Spring, with its blandly pleasant weather and verdant life sprouting everywhere in a showy riot of color, is the perfect time of year to turn to the bleak novel where Man and Nature try to out-brood each other in prose form, Wuthering Heights.
The novel is a strange work- a tale of thwarted revenge and unhappiness stretching across generations told two steps removed from most characters involved. ‘Strange’ and ‘power’ are the two words used most frequently in early critical reviews; in contrast to the era’s florid novels of innocent women threatened, Wuthering Heights’ stark brutality, the ambiguous morals of its characters and their sad fates made for difficult reading. Of course, the same holds true for the modern age- adaptations of the novel tend to lop off the second half’s complex interweaving of families and relationships in favor of focusing on the first half’s tragic romance. That the novel’s been adapted so many times is bizarre in itself – why take the trouble to squish an unusual story into a more conventional format, not once but over and over again?
It could be the story’s raw power, attested to even by its major critics, but my theory as to why there’s over 12 film versions of Wuthering Heights, not to mention several adaptations to stage, is that the roles of Heathcliff and Cathy are actor catnip. Compare them to the juiciest stage roles for gents and ladies – Hamlet and Lady Macbeth. For the gents, you have free leave to be a melancholy jerk under the guise of SERIOUS SADNESS (dead dad on one side, thwarted love/dead lover on the other), and for the ladies you get to be absolutely un-ladylike (grab for power/raw nature), then play at being a lady but with lots of guilt and anguish, then SUPERNATURAL STUFF (specifically: ghooooooosts)! Scene-chewy goodness all around- plenty of spots to soliloquize about GRAND EMOTIONS and DEEPLY FELT PASSIONS and how those lesser losers just don’t understand ANY OF IT, GOD. Again, Wuthering Heights adaptations focus not on the fallout of actions upon the next generation, but on the doomed romance of Heathcliff and Cathy who doom their own romance instead of an outside force ripping them apart. Or maybe Culture ripped them apart; this isn’t English 102 and that’s not the point.
The point is much like Doctor Who or James Bond, Heathcliff is the rare character whose facets shine through the variety of actors taking on the role. A special award for Hat Trick goes to Timothy Dalton, who played James Bond, Heathcliff and not technically The Doctor but Lord President of all Time Lords so, close enough. The role’s also been played by Laurence Olivier, Ian McShane, Ralph Finnes and….Cliff Richard. Yes, the English Elvis, the Young One himself, wrote and starred in Heathcliff, a musical retelling of Wuthering Heights presented as ‘evidence’ to the audience for YOU to decide what kind of man Heathcliff really is.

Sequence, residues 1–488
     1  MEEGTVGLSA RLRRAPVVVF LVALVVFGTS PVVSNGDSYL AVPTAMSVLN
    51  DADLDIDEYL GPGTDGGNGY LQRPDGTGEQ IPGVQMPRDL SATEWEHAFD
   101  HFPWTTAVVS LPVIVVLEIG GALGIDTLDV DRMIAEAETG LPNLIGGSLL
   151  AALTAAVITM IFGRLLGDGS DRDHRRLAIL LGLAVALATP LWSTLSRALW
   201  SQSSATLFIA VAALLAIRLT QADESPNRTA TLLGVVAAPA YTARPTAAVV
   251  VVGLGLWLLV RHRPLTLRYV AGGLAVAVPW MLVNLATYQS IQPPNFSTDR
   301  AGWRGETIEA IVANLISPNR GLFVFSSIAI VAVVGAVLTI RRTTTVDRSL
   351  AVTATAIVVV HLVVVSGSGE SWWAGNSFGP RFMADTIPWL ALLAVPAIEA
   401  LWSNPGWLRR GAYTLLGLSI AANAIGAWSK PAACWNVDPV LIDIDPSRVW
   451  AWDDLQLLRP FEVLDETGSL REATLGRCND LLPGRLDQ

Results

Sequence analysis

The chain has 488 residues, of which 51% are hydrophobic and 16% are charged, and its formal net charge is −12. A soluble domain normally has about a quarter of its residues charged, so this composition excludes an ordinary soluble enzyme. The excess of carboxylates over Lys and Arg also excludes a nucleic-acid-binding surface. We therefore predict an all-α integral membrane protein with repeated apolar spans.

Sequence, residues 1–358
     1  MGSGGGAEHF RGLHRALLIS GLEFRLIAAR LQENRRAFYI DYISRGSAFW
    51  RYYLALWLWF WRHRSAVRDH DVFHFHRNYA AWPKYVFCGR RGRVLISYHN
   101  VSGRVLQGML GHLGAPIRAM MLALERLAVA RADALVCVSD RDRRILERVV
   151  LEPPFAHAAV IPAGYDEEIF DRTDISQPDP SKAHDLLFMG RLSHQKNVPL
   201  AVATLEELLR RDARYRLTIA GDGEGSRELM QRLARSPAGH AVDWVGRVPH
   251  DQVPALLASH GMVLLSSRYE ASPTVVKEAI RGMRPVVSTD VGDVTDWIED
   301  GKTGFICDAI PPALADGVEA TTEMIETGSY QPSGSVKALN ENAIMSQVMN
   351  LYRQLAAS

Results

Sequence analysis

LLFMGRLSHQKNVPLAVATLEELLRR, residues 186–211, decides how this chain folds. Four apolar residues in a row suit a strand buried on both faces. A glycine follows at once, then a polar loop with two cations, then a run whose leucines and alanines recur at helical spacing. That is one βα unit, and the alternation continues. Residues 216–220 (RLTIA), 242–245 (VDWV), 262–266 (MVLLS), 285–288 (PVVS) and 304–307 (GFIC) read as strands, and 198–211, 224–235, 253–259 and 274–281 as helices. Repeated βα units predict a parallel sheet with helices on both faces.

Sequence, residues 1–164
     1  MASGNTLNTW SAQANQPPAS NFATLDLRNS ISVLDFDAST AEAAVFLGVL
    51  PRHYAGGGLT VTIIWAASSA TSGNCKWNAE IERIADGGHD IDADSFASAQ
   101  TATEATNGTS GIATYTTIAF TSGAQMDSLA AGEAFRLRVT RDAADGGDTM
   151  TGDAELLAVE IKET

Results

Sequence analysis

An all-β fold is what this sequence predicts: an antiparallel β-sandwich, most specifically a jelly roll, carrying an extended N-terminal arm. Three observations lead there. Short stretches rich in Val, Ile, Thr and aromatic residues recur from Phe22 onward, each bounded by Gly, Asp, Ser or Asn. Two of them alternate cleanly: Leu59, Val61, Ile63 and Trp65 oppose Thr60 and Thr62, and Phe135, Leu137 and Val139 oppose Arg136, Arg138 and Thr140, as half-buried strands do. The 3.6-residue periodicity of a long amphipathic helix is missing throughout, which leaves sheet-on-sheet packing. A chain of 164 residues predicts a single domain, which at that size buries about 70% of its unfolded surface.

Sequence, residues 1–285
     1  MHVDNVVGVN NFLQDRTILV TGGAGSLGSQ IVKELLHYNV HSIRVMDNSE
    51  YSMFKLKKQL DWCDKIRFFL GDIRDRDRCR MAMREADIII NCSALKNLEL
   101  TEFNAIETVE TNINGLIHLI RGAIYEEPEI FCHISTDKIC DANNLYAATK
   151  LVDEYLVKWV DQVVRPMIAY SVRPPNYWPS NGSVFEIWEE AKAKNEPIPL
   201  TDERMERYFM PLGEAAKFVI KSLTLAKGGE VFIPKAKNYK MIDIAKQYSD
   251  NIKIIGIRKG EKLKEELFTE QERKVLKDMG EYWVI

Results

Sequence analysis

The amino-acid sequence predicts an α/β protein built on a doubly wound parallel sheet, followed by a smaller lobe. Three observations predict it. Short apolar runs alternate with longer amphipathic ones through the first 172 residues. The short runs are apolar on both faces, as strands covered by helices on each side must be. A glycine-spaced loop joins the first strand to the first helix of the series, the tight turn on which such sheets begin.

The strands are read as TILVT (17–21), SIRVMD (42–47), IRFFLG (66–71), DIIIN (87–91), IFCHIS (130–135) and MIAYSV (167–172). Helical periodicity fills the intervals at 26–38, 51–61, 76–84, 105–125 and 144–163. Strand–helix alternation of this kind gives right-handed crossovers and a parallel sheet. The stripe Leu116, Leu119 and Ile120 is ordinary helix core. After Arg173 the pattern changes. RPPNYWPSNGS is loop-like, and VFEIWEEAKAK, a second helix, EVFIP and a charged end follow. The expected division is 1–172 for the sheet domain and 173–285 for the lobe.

Either I’m grossly misremembering video capability from 1997 (the year ‘Titanic’ and ‘The 5th Element’ came out) or the choice to have this staging look like a Lifetime movie from 1986 was intentional.
Did I say Lifetime movie? I mean Sunday morning public access worship hour.
The music is….let’s just put it this way, there’s a lot of synth keyboard. And not the good German kind, I mean the kind backing Christian-themed R&B from the early 90s. Cliff is certainly earnest as Heathcliff, but I kept getting distracted by his facial hair and sartorial choices.
The same goes for the entire production – much like the Broadway staging of ‘Phantom of the Opera’, a lot of the story’s horror and power are lost through the very medium chosen to deliver it- bombastic stage musical. It’s paradoxical that music, which has the ability to reach emotion more readily and directly than other mediums, combined with live theater’s visceral presence and the depth of written word results in a maudlin, campy mess nearly every time. Could it be compromise made between the three mediums cancels out the strengths of each, leaving only weak middle ground to tread? Possibly the ‘language’ of staged musicals could be cheesy, with music demanding high energy to correlate with high emotion, making ridiculous what the theater/written word would get across with quiet strength. The parts could be inherently at odds. Then again I love Judas’ death scene in ‘J.C. Superstar’, so the synthesis can be done well.
This really looks like a fade-in from a Christian music video.
The entire production is available to watch on YouTube, but all you really need to see are the first 20 seconds of this:
I don’t believe the intent was to sound like Don Cornelius, but that is definitely the effect.
Brood on, devil incarnate/misunderstood man.